Speech perception for both normally-hearing and deaf individuals involves an integrative process between auditory and lip-reading information. During my PhD I studied this integrative processes through Cued Speech perception. Cued Speech (CS) is a manual system originally designed to help deaf individuals to perceive speech with the visual modality only, but without the ambiguity inherent to lip-reading (Cornett, 1967). In CS, each syllable is uttered with a complementary gesture called a manual cue. In its French version, vowels are coded with five different hand placements near the face, and consonants are coded with eight handshapes. Within this system, both labial and manual information, as alone input sources, remain ambiguous. Perceivers, therefore, have to combine both types of information in order to get one coherent percept.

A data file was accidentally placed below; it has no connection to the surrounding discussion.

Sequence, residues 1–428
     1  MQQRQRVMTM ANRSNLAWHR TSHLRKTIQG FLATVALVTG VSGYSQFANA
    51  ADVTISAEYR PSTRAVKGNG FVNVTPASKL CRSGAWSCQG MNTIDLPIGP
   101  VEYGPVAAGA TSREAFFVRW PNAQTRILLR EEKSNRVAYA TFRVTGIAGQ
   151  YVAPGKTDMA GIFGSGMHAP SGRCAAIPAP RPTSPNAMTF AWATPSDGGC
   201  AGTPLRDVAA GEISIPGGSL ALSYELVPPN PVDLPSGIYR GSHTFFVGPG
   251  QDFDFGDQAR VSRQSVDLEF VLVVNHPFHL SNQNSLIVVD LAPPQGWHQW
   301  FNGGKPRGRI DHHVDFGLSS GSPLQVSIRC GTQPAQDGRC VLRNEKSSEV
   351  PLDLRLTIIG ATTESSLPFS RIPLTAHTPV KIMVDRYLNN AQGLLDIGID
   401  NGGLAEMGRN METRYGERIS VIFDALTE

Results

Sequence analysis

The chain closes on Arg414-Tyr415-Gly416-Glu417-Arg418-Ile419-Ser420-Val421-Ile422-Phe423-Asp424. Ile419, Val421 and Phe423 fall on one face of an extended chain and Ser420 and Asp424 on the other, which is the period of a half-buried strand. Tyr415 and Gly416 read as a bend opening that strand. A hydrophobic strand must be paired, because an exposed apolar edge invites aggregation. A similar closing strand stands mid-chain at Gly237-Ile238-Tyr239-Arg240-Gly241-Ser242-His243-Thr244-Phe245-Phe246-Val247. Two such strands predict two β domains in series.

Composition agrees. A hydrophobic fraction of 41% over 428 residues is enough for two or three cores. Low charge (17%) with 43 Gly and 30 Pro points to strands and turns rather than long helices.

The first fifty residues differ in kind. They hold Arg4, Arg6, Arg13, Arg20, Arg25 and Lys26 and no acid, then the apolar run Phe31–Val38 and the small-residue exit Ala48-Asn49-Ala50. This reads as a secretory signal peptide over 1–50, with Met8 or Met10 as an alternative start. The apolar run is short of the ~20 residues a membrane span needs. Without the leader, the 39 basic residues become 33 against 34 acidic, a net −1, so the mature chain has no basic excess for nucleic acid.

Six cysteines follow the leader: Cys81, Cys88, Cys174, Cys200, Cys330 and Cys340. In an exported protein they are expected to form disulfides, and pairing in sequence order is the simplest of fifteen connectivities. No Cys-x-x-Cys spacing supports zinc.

In the first part of my thesis I studied the integration of manual and labial information by deaf but also normo-hearing individuals. In the second part, as nowadays, many congenitally deaf children are fitted with a cochlear implant (CI), I examined audio-visual (AV) integration was affected by the presence of manual cues and on which form of information (auditory, labial or manual) the CS receptors primarily rely.
Recently I joined the GIPSA-Lab (Grenoble, France) as a post-doctoral researcher. In my new project I study the perceptuo-motor link in speech process through Cued Speech perception. And as I am convinced that is important to bring CS users and researchers I am frequently collaborate with ALPC and LPC Belgique associations.